He also says research and continuous improvement is a big part of the company’s culture. “At any given time we have 10-12 research trials going, many in coordination with Iowa State University. We’re constantly learning and trying to improve the health, care and biosecurity protections for our pigs.”

1#5 Be a problem solver
Since starting his career with Iowa Select Farms as an intern in 2006, Smyrna Sow Farm Manager Adam Swalla – Clarke County – has learned that just like any farmer, good pig caretakers are quick thinkers and problem solvers.  

“We wear a lot of different hats when we’re on-farm,” Adam said. “Some days we’re also maintenance techs and IT specialists. Properly running HVAC systems and data flow is as important to animal care as choring a barn. Anything that is a biosecurity breach is a 911 in our book. Being able to get to the root of a problem, develop a plan to overcome and execute is something that our employees do daily all in the name of caring for our animals.” 

2#6 Practice patience
As a gilt selection specialist, Courtney Fosterspends her days in Union, Clarke, Ringgold and Taylor Counties, selecting the highest quality animals to enter the Iowa Select Farms’ sow herd—a meticulous task that requires practice and patience. 

“When you’re working with animals, you realize sometimes they don’t always have the same agenda as you, especially during loading and unloading,” she joked. “Allow for extra time, and if they aren’t moving the way you want, take a break. Regroup and try again. The animals can sense when we’re frustrated, so having patience is important.”

2#7 Find your happy place
Newborn Pig Specialist Sandra Janowski (pictured left) and Assistant Farrowing Head Sarah Shlachter (pictured right) at Rout Sow Farm in Wright County say having fun at work is a must-do.

“You have to stay positive and attack the day as a team, because there will be days you’ll need lifted up, and there will be days your friends will need you,” said Sarah. “Nothing about pig care is easy. There are days when we are soaked from power washing, and there are days we are covered in placenta. You have to stay positive and focused on what you’re there to do—care for these animals.”

2#8 Take ownership, always
Chawn McGrath oversees several finisher farms in Mitchell and Howard County and spends his days supporting contract growers as they care for pigs from three weeks old to market weight. He says the best thing any caretaker can do is have ownership of everything that happens on their farm.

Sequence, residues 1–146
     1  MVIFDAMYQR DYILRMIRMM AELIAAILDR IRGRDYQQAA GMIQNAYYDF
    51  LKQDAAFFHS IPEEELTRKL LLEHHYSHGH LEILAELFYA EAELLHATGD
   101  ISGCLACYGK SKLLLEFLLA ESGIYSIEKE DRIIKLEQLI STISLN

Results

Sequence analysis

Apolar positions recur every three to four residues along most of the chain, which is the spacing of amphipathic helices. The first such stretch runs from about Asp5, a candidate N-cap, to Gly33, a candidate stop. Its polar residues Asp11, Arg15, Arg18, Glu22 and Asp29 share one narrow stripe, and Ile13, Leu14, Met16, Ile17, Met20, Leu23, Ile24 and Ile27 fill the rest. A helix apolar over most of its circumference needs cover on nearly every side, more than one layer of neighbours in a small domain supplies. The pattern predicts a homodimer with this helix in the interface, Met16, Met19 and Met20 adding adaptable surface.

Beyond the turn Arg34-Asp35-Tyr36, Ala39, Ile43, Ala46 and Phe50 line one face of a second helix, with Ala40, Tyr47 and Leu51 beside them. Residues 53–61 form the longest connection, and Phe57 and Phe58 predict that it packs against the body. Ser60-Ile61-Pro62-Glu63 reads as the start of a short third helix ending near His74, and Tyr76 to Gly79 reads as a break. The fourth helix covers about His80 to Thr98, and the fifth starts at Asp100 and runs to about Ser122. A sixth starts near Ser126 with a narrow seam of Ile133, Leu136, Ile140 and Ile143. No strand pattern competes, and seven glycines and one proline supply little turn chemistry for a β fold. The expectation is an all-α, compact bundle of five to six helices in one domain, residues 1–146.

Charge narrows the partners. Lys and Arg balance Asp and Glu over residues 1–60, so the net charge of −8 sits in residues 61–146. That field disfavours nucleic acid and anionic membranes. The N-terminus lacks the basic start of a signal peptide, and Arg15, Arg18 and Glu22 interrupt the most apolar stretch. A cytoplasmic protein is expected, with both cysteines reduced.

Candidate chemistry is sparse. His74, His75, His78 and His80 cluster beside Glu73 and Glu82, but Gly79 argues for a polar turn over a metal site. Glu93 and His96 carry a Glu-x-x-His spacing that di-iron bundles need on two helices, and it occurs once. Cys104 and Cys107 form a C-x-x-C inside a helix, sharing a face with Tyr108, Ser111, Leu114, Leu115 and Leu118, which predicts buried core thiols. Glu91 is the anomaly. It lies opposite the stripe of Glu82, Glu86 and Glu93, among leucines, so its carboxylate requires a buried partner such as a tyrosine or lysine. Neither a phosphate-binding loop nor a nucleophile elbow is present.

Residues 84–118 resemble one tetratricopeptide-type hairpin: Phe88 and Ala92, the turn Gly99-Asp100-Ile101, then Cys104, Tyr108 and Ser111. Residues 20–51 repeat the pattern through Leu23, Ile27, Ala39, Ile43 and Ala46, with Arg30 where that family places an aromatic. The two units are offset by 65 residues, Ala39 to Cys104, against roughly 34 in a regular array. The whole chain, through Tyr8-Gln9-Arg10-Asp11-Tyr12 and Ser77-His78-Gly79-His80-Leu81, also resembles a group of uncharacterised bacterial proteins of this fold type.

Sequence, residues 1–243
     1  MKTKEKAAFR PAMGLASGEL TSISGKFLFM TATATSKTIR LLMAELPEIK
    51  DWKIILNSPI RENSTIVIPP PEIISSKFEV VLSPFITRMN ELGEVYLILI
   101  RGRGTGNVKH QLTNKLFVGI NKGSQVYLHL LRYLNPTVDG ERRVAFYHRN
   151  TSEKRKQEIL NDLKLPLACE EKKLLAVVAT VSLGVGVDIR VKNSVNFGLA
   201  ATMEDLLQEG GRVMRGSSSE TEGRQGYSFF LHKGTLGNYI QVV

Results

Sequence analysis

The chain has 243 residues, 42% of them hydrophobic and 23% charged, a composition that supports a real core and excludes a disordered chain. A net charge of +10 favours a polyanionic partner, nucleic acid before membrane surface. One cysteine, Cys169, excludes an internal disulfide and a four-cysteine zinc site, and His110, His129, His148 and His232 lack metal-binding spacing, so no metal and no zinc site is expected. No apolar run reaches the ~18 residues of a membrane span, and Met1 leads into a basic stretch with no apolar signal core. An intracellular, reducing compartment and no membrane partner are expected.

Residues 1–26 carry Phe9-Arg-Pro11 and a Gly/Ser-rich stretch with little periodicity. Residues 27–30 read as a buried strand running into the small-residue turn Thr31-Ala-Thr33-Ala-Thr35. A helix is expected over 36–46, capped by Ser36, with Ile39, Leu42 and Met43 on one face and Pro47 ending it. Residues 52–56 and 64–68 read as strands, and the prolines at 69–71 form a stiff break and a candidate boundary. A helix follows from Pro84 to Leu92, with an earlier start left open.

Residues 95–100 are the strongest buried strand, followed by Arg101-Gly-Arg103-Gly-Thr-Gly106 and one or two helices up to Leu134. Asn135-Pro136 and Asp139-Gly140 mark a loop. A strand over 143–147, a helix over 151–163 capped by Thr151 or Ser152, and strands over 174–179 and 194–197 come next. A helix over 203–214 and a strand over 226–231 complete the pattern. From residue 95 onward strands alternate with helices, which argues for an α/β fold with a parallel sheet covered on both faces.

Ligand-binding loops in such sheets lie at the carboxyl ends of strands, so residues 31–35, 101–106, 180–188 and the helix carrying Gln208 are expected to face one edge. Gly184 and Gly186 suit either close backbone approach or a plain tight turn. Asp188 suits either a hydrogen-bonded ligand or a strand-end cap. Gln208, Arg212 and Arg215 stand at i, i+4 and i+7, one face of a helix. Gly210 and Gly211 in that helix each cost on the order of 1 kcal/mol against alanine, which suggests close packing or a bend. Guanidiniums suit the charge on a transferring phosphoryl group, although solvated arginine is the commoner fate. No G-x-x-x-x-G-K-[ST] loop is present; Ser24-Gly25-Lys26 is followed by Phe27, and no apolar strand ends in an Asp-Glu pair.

“The farmers I work with, it’s their livelihoods, it’s all of our livelihoods,” he said. “It means that my growers are standing up and saying ‘I am accountable’ for the pigs on my farm, and that I personally am also accountable as their supervisor.” Chawn says barn set up, loading, unloading, vaccinating, nutrient management, equipment repairs—everything needs seen through. 

"It's not only the pigs we take ownership in," Chawn continued. "The appearance and maintenance to the outside of our farms matter just as much as the inside. Every piece of the farm is a reflection of the caretakers."

2#9 Have a teamwork approach
In her decades working with pigs, Sow Farm Manager Roberta Weide – near Dows – has noticed the ability to coordinate with co-workers as the utmost importance. “Weekends, holidays or snowstorms, we have to cover all of the work no matter what the circumstance, even if it means spending the night at the farm,” said Roberta.

Weide says during recent snowstorms, the team stayed in close contact, making sure the pigs had feed, heat, water and that caretakers were there to help tend to litters. “In fact, the pigs didn’t know that half of us couldn’t get to the farm, and the other half couldn’t get out of the farm,” laughed Roberta. 

1#10 Fall in love with your job
Jacobson Sow Farm Farrowing Department Head Jesse Lee, from Ames, says you should always follow what brings you joy. An avid animal lover, Jesse enjoys being around all creatures, great and small. “I love taking care of animals, especially pigs,” said Jesse. She says her team is passionate about making a difference and helping the piglets get off to a solid start. 

“The team shows up to work excited, ready to get out to the barns and see what came in for litters overnight,” said Jesse.

Jesse’s dad, Mark, also works for Iowa Select Farms as a sow supervisor. She says his love for livestock farming was contagious. She reflected, “I guess you could say, ‘like father, like daughter’. We talk about our farms all the time. It’s a family affair.”